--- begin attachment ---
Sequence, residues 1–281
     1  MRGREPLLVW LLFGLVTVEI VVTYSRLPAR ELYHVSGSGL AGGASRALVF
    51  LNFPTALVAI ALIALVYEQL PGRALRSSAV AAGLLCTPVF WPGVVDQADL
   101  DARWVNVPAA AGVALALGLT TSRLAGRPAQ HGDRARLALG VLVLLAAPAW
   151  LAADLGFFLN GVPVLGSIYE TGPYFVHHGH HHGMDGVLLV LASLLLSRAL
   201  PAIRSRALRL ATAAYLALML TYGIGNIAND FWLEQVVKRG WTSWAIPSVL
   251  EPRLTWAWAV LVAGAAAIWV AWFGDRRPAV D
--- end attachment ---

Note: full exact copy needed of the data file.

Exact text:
Sequence, residues 1–281
     1  MRGREPLLVW LLFGLVTVEI VVTYSRLPAR ELYHVSGSGL AGGASRALVF
    51  LNFPTALVAI ALIALVYEQL PGRALRSSAV AAGLLCTPVF WPGVVDQADL
   101  DARWVNVPAA AGVALALGLT TSRLAGRPAQ HGDRARLALG VLVLLAAPAW
   151  LAADLGFFLN GVPVLGSIYE TGPYFVHHGH HHGMDGVLLV LASLLLSRAL
   201  PAIRSRALRL ATAAYLALML TYGIGNIAND FWLEQVVKRG WTSWAIPSVL
   251  EPRLTWAWAV LVAGAAAIWV AWFGDRRPAV D